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Dredgers to be used to excavate chaporis

By Staff reporter

GUWAHATI, May 13 � Two dredgers hired by the State Water Resources Department (WRD) from the Inland Waterways Authority of India (IWAI) are now on their way to Dibrugarh. The dredgers are hired for excavating the sand bar (chapori) that is viewed to be the main factor triggering erosion on the Brahmaputra bank at Nagaghuli area of Dibrugarh town.

Meanwhile, hopes of completing the entire Matmora protection project in Dhakuakhana sub division of Lakhimpur district before the rainy season has been belied by the slow progress of works to implement the project. The WRD has started imposing penalty on the Malaysian company Emaskiara with effect from May 1 due to the delay in executing the project, as per the provisions of the agreement WRD has with the company.

However, water resources engineers are not much hopeful of the efficacy of the dredgers, particularly during these rainy days. The excavated chapori may re-emerge soon with the Brahmaputra carrying more silt loads from its upstream catchments. Moreover, dredging is a costly affair and the State WRD has already paid an amount of Rs 5 lakh to the IWAI for the dredgers, said the water resources engineers.

State WRD sources here said that besides sending the dredgers to Dibrugarh, the Department is also investigating the other factors that caused river erosion in Nagaghuli area. The Brahmaputra erosion in Mohanaghat-Maijan area of Dibrugarh is also under strict observation and preparations are on to prevent erosion in this upstream area of the river too.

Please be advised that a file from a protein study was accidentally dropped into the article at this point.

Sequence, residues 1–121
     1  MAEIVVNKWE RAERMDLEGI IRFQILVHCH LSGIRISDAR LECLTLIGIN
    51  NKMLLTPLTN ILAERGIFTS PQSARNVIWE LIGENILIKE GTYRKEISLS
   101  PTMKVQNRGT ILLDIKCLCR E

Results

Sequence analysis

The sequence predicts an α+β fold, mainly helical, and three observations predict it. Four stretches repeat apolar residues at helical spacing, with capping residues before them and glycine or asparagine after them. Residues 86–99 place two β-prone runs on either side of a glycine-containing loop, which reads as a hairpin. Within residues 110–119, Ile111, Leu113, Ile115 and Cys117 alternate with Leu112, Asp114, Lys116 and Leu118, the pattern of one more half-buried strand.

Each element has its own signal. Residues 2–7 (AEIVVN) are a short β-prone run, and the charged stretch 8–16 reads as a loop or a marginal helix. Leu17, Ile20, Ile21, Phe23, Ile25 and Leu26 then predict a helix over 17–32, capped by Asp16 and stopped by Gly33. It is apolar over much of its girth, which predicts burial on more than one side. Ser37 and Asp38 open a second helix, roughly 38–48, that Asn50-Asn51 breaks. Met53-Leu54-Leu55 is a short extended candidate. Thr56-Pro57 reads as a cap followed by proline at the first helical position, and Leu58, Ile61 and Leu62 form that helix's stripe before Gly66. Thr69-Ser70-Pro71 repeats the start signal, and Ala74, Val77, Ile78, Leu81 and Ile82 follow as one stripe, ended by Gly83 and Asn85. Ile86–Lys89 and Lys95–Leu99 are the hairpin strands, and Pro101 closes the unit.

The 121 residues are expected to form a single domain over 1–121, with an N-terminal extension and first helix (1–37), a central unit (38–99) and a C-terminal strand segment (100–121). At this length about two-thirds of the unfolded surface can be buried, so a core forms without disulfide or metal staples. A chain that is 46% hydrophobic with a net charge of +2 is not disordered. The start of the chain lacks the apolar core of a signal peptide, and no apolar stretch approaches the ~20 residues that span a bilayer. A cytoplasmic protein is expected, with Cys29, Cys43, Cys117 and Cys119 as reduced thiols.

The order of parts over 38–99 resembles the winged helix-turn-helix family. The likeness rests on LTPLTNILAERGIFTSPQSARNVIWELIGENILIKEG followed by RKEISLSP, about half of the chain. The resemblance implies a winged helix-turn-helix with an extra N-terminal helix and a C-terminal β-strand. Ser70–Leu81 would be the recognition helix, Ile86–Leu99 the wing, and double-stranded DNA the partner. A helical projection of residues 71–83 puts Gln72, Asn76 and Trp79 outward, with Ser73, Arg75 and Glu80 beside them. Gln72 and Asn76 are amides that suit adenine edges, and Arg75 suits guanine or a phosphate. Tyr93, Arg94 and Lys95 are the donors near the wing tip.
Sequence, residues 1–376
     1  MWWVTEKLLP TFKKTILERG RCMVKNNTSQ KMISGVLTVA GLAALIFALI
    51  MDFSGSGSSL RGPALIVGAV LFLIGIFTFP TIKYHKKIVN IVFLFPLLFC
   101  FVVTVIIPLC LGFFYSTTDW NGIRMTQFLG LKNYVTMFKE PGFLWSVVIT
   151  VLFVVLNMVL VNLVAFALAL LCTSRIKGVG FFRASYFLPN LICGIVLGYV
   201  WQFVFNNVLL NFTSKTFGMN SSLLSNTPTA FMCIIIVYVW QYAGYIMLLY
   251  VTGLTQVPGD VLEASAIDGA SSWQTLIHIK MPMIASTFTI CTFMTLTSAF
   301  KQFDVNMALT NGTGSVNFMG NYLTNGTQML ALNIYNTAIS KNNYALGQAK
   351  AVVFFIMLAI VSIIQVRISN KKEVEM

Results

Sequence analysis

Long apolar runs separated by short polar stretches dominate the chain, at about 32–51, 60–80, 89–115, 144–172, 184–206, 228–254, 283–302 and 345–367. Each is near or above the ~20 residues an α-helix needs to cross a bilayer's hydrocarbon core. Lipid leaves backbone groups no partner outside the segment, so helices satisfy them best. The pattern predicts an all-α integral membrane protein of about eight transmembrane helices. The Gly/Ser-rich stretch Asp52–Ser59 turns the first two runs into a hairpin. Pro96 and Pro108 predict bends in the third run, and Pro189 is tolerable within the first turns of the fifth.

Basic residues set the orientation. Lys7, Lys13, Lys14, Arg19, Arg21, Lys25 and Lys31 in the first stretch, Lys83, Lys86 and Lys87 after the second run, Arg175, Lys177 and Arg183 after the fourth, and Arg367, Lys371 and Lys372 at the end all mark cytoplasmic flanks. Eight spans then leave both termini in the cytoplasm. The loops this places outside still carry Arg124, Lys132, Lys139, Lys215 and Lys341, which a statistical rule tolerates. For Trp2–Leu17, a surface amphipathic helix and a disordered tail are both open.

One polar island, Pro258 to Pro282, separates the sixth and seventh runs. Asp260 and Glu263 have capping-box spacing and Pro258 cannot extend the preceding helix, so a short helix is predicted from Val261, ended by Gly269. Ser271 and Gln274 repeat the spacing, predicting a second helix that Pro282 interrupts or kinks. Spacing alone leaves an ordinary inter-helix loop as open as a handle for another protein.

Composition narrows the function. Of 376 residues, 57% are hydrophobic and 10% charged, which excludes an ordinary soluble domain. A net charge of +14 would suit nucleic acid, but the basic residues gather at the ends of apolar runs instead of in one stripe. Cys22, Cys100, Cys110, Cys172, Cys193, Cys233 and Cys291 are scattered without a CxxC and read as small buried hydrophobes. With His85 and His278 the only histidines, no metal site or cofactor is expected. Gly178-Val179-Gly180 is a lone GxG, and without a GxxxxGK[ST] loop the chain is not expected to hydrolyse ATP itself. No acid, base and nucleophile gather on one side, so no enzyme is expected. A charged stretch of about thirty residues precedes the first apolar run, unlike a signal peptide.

The Nagaghuli erosion has become a cause of concern for the people of Dibrugarh and State�s WRD Minister and the district administration of Dibrugarh have assured steps to remove the char that is viewed to be at the root of erosion in the area. If the char could be removed, the river channel will give up mounting pressure on the riverbank in Nagaghuli area, they reportedly said.

WRD sources said that there are nine boulder spurs to protect Dibrugarh town. Steps are on to keep them intact. The porcupines laid along the riverbank have already been found to be effective in pushing the river channel away from the bank. Moreover, cage dumping and geo-bags are also done along the vulnerable reaches of the riverbank to prevent erosion, said the sources.

Matmora: So far, 1,200 geo-tubes have been laid for the retirement dyke proposed for Matmora protection. Four- kilometre stretch of the five-kilometre-long retirement dyke has also been covered with earth on the riverside, while around 3.5 km of the dyke on the country side has so far been covered with earth.

The geo-carpeting, which is also part of the project, has also been done on the riverside in a four-km-long stretch. One km stretch has remained to be covered with geo-carpets on the riverside, said WRD sources. The geo-carpeting and earth filling on both sides of the retirement dyke are to be completed within the current month.

On the geo-apron tube cover to be provided to the vulnerable five-km reach of the riverbank, perpendicular to the retirement dyke, sources said that only round 300 tubes, out of the 1,500 tubes, could be laid so far, the reason being the rise in the water level of the river. The daily rate of progress in this respect is either nil or very slow.

It is feared that this part of the project would not be completed before the ensuing flood season, said the sources.

The Malaysian company, which is executing the geo-dyke project, was earlier granted extension on two occasions�first for 100 days up to July 15, 2009 and the second till March 31 last. The last extension granted to it was on April 22 last. On that day a high-level meeting between the WRD and the Malaysian company decided to extend the deadline for completing the project up to April 30.

In case of the failure of the company to complete the project within that deadline, it was decided in the meeting that penalty would be imposed on it as per the provisions of the tender agreement with effect from May 1, said the WRD sources.